A slow-burn examination of drugs and police corruption is revealed in Kino's recent Blu-ray release.
Reflecting the times, the cinematic landscape of the 1990s found itself awash in drugs (on-screen, at least). On the heels of films like Goodfellas and New Jack City, director Lili Fini Zanuck directed Rush. Despite a setting in 1975, Rush is very 1990s in its actors - popular stars Jennifer Jason Leigh and Jason Patric - as well as starring roles for Gregg Allman and a soundtrack by Eric Clapton in his somber phase. Dated, to be sure, Rush is a slow burn that, had the budget and script gone bigger, could have presented some intriguing socio-political examinations regarding police
Age must pass as youth enters.
My Chaplin journey hasn't been linear. I didn't start with the silent shorts and work my way through The Kid (1921) and onto A Countess From Hong Kong (1967). It was a rambling journey that went forwards and backwards through highlights of his spectacular career with Criterion including Modern Times, The Great Dictator, City Lights, and The Gold Rush. In many ways the other films were reflections and parables of the times Chaplin was living in. The newest Criterion Blu-ray release is Limelight from 1952. It's subtitled "in his human drama" and this film is his most personal story. The
You won't need four rows of teeth to chew through this delicious Planet Earth appetizer.
Fresh off reviewing BBC's Planet Ant, I find myself confronted with a series about a much larger, deadlier animal up for investigation -- the timeless predators who rule the seas detailed in Shark, another new chapter in the BBC Earth series. From scary Ragged-Tooths to Makos that could outrun Usain Bolt, Paul McGann narrates four one-hour segments that cover everything from what sharks eat to how they interact and socialize, and how these creatures who've barely evolved since the age of the dinosaurs are paving the way for scientific breakthroughs. Spinning up the disk reveals two "parts" in the episode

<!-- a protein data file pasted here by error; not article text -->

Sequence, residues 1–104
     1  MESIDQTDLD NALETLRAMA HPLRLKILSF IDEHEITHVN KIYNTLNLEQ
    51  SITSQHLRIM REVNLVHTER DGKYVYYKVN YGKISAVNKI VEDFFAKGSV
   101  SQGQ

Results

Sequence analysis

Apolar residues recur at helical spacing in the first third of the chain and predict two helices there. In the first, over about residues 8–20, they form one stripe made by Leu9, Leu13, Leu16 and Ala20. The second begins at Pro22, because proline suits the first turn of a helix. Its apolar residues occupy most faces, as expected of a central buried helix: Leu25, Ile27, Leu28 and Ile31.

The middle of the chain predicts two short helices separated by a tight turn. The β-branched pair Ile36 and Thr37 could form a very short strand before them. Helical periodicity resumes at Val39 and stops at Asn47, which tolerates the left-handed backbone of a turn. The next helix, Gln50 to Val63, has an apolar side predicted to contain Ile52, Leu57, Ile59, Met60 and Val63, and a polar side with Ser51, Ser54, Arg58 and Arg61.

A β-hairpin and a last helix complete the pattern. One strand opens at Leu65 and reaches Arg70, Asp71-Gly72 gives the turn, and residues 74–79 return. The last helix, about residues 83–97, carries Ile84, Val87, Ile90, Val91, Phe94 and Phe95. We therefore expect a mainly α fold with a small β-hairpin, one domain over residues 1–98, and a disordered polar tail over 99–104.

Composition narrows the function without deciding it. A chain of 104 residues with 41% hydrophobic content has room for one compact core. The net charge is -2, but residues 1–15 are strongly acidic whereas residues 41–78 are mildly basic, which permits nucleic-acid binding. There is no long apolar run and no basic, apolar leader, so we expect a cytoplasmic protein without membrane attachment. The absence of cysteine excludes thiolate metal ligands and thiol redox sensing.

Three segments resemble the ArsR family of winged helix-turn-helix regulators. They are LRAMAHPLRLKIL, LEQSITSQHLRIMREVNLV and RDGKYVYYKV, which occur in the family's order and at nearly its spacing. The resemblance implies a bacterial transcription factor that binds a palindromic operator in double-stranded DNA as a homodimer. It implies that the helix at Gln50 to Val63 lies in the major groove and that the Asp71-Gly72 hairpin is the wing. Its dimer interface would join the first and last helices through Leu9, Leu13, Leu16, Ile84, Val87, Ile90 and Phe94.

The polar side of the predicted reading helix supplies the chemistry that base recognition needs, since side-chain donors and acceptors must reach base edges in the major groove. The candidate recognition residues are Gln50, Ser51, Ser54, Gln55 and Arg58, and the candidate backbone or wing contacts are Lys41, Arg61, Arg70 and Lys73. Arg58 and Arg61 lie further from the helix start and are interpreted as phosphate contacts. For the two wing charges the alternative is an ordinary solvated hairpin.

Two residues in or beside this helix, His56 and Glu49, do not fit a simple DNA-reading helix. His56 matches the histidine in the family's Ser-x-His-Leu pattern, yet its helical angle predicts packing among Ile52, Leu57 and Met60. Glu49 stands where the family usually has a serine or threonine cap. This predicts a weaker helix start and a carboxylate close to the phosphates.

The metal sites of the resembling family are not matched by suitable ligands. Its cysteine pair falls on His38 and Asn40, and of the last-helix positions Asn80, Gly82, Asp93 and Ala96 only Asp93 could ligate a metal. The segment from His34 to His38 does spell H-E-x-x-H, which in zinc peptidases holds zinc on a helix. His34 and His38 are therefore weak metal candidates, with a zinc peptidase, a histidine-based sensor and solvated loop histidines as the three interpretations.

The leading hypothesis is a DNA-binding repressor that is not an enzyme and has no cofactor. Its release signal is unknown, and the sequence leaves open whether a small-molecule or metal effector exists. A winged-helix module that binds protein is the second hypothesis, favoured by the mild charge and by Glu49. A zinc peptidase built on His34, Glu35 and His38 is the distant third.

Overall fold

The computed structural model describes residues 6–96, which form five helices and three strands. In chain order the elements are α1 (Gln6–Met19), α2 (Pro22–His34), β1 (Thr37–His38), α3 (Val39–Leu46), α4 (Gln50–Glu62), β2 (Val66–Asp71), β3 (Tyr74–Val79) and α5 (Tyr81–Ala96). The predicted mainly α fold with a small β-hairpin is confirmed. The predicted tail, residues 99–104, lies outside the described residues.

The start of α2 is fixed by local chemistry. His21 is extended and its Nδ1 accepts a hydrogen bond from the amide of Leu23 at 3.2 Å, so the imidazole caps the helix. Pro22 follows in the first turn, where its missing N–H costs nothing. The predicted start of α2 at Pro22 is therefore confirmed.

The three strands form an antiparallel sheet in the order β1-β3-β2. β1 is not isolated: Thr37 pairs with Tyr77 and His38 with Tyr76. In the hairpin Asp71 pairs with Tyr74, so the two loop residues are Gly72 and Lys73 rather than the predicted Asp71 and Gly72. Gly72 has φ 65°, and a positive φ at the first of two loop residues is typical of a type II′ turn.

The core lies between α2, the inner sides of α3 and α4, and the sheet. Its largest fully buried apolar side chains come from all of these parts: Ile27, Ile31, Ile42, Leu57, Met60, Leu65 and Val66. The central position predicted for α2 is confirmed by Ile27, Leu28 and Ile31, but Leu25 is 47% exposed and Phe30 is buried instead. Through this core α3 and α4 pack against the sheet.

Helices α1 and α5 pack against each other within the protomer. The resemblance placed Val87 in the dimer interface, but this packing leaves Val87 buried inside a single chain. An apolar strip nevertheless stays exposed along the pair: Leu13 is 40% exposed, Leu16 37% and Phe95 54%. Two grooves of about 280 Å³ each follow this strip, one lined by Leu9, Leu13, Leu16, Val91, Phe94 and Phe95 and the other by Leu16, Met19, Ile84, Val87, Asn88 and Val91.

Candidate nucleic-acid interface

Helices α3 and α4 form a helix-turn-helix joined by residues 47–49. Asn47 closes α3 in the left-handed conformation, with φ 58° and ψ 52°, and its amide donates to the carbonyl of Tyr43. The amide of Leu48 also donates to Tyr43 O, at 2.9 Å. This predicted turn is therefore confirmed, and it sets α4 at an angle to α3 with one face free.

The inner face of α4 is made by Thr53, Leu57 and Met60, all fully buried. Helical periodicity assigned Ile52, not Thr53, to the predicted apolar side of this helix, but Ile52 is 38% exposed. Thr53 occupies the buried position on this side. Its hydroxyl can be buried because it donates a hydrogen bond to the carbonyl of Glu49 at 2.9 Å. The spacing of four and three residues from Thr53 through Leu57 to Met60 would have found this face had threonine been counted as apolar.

The first feature film from Swedish filmmaker Jan Troell has its visual merits, but it's bogged down by a leaden narrative.
A film that’s both engrossing and enervating at turns, Here is Your Life kicked off the feature-film career of Swedish director Jan Troell, an art house sensation in the ’70s with breakthrough duo The Emigrants and The New Land. The multi-talented Troell directed, shot, edited, and co-wrote the screenplay for Here is Your Life, based on one of a series of semi-autobiographical novels by Eyvind Johnson, and though Troell’s camerawork and editing are often inventive, the film never really breaks free from its novelistic shackles. After his father falls ill, teenager Olof (Eddie Axberg) is forced to leave his sickness-ridden
The Second Best Exotic Marigold Hotel Blu-ray Review: Not As Exotic As the First, but Still Charming
Were it not for those remarkable actors even Liftime would be embarrassed by this.
God bless the Brits. Or at least British actors of a certain age. They can rescue even the most tiresome of films and make it a thousand times better. The Best Exotic Marigold Hotel was a surprise hit in 2012 earning some $136 million which was quite a bit more than its meager $10 million budget. It was about a random group of British seniors who decide to spend their golden years living inexpensively in India. They come to the titular hotel based upon its fancy webpage, but find out that it is quite less than they expected save for